Bengaluru metro rail Phase 1 to get fully operational after inspection
Commissioner of Metro Rail Safety to start inspection of the remaining stretch of Phase 1 of the Bengaluru metro rail service today
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Bengaluru: The Commissioner of Metro Rail Safety (CMRS) on Wednesday will start the inspection of the remaining 12-kilometre stretch from Sampige Road to Yelachanahalli Road on the green line of the Phase 1 of the Bengaluru metro rail service.
The CMRS will undertake its mandatory inspection of all aspects of operations in the line, including signalling, traction and safety, before opening the much-awaited Phase 1 for the public. The three other reaches of Phase 1 have been operational for well over a year now.
The remaining line will connect the southern part of the city. However, it has been delayed by over two years, resulting in the total cost of the project to double since 2006.
When completed, the project will cost the tax payer over Rs14,200 crore in total or over Rs330 crore per kilometre as against the initial proposed cost of Rs6,395 crore in 2006.
Despite the costs, the possibility of the nearly 43 km line in the Phase 1 launch comes as a relief to the city that has choked owing to its unplanned and inadequate public transport infrastructure, even though this phase will cater to only around 3-5 lakh people of the city’s 10 million population.
“The inspection will last for about 3-4 days. Once that (inspection) is complete, we will see if any changes or deficiency will come out and rectify accordingly,” said Vasant Rao, general manager (finance) and spokesperson for the Bengaluru Metro Rail Corp. Ltd (BMRCL).
The first phase of the metro—or Namma Metro—has been in the making since 2006 but delays in land acquisition and inability to complete the underground stretches has resulted in steep escalation of total costs.
Rao said the delays were on account of tunnel boring machines (TBM) not being able to break through in the nearly 9 km of underground stretches.
But the delays have cost the city not just money but dashed hopes of the service decongesting city roads. Bengaluru, measuring over 800 square km, has over 65 lakh vehicles with nearly 1,500 new ones being added daily, according to the state transport department.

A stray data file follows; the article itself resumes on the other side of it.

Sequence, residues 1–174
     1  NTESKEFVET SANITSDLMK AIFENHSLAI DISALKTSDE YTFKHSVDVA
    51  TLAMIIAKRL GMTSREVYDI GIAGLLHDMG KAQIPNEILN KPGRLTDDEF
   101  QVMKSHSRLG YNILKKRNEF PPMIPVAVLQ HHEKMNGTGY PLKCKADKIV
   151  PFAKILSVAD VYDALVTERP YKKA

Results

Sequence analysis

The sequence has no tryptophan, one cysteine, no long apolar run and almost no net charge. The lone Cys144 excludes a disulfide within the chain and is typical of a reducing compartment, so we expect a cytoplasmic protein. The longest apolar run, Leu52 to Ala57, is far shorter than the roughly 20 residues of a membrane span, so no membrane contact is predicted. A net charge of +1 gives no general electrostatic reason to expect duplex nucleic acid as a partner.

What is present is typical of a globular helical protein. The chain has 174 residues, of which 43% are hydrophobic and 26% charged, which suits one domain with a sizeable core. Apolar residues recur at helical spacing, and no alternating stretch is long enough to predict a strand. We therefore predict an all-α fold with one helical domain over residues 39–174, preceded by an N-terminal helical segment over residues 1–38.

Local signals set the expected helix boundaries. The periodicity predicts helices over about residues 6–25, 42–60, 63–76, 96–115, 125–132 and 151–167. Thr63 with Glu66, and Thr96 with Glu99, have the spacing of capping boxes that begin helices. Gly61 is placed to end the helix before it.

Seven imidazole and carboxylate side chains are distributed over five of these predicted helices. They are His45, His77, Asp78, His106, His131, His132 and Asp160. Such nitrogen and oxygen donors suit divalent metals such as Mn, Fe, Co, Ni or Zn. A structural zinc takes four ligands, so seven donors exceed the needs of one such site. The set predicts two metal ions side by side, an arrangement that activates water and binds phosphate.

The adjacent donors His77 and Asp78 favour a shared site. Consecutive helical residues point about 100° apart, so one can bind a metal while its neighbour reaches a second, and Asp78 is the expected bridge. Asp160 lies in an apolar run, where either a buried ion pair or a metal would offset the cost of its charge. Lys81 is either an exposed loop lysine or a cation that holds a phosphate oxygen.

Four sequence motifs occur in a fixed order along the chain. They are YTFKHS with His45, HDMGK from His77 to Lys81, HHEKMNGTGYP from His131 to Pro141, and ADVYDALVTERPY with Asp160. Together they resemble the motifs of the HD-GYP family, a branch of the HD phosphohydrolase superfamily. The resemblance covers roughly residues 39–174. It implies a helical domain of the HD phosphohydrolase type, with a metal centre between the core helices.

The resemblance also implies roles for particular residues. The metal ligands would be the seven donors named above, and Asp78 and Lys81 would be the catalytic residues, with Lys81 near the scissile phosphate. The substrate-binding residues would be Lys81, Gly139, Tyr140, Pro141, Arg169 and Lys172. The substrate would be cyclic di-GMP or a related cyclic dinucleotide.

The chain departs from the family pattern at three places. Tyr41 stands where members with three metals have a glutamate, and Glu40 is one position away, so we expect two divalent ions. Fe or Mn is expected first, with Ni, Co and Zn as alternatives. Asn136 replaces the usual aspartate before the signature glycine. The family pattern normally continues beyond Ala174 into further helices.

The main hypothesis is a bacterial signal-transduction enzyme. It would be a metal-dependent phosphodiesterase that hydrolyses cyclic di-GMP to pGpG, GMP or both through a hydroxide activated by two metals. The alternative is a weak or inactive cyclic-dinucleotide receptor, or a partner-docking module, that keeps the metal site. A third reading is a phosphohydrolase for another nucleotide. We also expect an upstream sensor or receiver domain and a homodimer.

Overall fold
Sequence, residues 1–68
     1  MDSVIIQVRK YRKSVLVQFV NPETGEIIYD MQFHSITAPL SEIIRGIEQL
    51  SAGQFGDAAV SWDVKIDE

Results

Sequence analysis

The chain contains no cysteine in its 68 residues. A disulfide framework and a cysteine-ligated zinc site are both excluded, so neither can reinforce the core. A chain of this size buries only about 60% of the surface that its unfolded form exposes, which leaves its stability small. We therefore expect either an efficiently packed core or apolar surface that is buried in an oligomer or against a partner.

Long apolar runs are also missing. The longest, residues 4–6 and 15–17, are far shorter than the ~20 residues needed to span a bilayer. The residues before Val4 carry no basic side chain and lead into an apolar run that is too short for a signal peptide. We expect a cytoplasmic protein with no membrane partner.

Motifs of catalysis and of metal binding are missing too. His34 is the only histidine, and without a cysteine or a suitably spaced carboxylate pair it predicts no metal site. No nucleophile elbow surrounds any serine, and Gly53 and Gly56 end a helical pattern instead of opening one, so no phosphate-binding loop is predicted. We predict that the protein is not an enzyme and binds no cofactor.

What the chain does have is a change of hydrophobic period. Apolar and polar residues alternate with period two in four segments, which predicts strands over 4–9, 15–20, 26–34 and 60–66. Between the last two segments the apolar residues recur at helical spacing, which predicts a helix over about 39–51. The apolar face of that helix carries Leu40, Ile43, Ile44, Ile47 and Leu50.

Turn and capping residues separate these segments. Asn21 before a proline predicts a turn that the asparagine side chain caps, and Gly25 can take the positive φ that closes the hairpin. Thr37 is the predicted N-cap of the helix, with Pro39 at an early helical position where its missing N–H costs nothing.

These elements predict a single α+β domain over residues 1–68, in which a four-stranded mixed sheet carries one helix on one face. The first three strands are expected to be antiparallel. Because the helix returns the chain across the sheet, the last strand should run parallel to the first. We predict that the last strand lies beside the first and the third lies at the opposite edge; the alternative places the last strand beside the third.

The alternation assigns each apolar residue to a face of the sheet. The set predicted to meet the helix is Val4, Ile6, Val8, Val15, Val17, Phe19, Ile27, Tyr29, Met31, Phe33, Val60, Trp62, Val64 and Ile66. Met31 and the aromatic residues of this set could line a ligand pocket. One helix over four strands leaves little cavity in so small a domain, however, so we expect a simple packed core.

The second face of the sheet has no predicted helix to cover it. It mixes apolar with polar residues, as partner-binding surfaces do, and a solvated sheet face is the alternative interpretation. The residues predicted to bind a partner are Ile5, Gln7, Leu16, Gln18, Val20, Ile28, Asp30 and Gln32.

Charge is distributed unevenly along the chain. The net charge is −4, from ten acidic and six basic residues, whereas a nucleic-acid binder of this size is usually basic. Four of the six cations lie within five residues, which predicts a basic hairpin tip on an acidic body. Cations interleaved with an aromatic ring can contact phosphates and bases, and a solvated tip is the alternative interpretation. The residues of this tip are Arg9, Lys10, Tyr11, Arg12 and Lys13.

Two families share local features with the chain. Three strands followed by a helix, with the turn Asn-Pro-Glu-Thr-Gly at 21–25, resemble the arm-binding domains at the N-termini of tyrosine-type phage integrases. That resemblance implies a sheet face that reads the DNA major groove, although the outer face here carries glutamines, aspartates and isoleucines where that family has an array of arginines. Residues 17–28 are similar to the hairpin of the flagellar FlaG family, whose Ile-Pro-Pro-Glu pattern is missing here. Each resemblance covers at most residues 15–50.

The BMRCL has commenced work on Phase 2 which will take the total area covered by metro to around 72 km, but will still cater to only around 15% of the city’s 10 million population, according to top BMRCL officials.
Urban experts like Ashwin Mahesh said the city would add another 1.5 million people before 2020, the deadline for Phase 2, which is being built at a cost of over Rs26,400 crore. Mahesh and other urban experts agree that though the metro was conceived to decongest the city, inadequate planning of connectivity serving in two straight lines cutting across the almost circular geography of Bengaluru serves very few people.
Densely populated and highly congested areas like outer ring road, electronic city, BTM layout and Whitefield, among others, have been left out in Phase 1, but will be served under successive phases of the metro.
Government authorities are mulling over other alternative transportation like personal rapid transit system or pod taxis for short distances, leaving more viable and volume-driven options like buses and sub-urban rail services begging for more funds or even importance.
Karnataka chief minister Siddaramaiah-led Congress government seemed more eager to construct a 6.7-km steel flyover from Chalukya circle to Hebbal within 18 months, only to be thwarted by the citizens over the felling of over 800 fully grown trees and other alleged financial irregularities, forcing the government to withdraw from the proposed project.
“It is rather unfortunate that the government has not yet started sub-urban rail services. It should have come up before metro,” M.N.Sreehari, urban traffic expert and former advisor to Karnataka government, said.
Also, around 400 km of existing railway tracks around the city has largely been unexploited. Sreehari said the metro will bring down traffic by around 15% when all phases are completed, adding that by that time, the volume of vehicles would have also ballooned.
Shreehari highlighted the need for Bengaluru to have multi-modal transport solutions like mono-rail, sub-urban rail, bus rapid transit system and the metro to serve different stretches and parts of the city for it to feel any reduction in traffic.